A public radio station in Switzerland conducted an interesting experiment for a day – they used five AI-generated voices to present news and aired music that’s almost entirely composed by computers.
Listeners of the French-language station Couleur 3 (Color 3) were greeted on Thursday, April 27 with a message that comes up repeatedly: “Today’s programming is brought to you by Artificial Intelligence.”
The experiment featured voices of five real human presenters which were cloned by Respeecher, a voice cloning software powered by AI and known for synthesizing a much younger Luke Skywalker’s voice for the Star Wars franchise The Mandalorian. As for generating the material that the AI voices were supposed to say, ChatGPT and other algorithms were used to accomplish that.
All over the world, the explosive rise of ChatGPT into our daily lives have caused quite a stir , and often there are mixed reactions – confusion, delight, fascination, laughter, worry or fear – about its long-term social, economic, cultural and even political consequences. Some musicians have even complained that AI has blatantly copied their styles.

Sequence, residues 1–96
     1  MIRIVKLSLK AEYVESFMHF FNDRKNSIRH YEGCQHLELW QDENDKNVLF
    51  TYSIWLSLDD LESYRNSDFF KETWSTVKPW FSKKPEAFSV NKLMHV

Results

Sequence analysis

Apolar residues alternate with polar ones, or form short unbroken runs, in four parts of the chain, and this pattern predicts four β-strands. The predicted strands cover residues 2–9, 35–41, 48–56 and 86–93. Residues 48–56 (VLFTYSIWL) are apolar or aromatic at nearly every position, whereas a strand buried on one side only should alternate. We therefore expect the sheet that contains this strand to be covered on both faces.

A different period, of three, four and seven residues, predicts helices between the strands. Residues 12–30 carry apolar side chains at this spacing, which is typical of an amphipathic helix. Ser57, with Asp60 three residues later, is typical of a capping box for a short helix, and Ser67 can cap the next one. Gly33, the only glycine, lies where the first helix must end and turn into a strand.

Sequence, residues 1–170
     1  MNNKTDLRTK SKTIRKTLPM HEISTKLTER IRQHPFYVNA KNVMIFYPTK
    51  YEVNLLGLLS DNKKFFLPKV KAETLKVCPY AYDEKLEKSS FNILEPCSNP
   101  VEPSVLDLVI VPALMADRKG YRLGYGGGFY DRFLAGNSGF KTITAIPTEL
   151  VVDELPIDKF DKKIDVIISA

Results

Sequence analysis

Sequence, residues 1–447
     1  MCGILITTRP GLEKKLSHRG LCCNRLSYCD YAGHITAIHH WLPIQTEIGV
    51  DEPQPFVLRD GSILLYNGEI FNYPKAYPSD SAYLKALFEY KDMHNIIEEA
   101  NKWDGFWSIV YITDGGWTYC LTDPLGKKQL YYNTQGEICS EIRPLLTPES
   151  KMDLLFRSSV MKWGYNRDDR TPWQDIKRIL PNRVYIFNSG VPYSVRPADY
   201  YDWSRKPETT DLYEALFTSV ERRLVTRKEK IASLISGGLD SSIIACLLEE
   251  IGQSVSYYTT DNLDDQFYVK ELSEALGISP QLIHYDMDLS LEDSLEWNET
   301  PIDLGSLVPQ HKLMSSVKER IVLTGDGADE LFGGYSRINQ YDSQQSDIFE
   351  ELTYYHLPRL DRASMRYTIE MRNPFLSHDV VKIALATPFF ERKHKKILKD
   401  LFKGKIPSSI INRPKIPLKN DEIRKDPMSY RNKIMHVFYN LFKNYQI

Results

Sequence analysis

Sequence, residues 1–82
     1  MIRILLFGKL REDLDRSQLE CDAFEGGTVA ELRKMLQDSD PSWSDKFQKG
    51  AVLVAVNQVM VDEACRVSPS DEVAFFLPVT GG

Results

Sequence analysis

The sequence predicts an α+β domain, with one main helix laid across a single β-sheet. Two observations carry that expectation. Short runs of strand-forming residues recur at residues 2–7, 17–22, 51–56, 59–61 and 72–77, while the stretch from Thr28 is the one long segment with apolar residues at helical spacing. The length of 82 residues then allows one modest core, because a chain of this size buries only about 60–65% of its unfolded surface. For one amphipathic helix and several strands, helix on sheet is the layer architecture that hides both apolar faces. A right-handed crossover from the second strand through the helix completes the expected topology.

In the face of such doubt and resistance, the Swiss station acknowledges the concerns surrounding AI, and seeks to de-mystify and embrace its existence that could prove beneficial to us.
Antoine Multone, the station’s chief, spoke with AP News via a phone call explaining the consequences of working and living with AI, saying: “I think if we become ostriches … we put our heads in the sand and say, ‘Mon Dieu, there’s a new technology! We’re all going to die!’ then yeah, we’re going to die because it (AI) is coming, whether we like it or not. We want to master the technology so we can then put limits on it.”
To capture the offbeat vibe of Couleur 3, Respeecher trained its AI for three months. The news material presented was not factual but instead generated to mimic scenarios that might happen in the far future, such as a temporary ban on spaceship flights over Geneva airspace, and the opening of Lake Zurich’s underwater restaurant.
To avoid any confusion from the listeners that might mistake it to be real, an AI-cloned reminder played out every 20 minutes.
Multone said on-air that a discussion of the experiment had been planned the next day, by real people, “The main feedback we get, in 90% of the messages, is: ‘It’s cool, but there’s a human element missing. You can sense these are robots, and there are fewer surprises, less personality. Many messages just said: ‘Give us back our humans!’ I think that’s great.”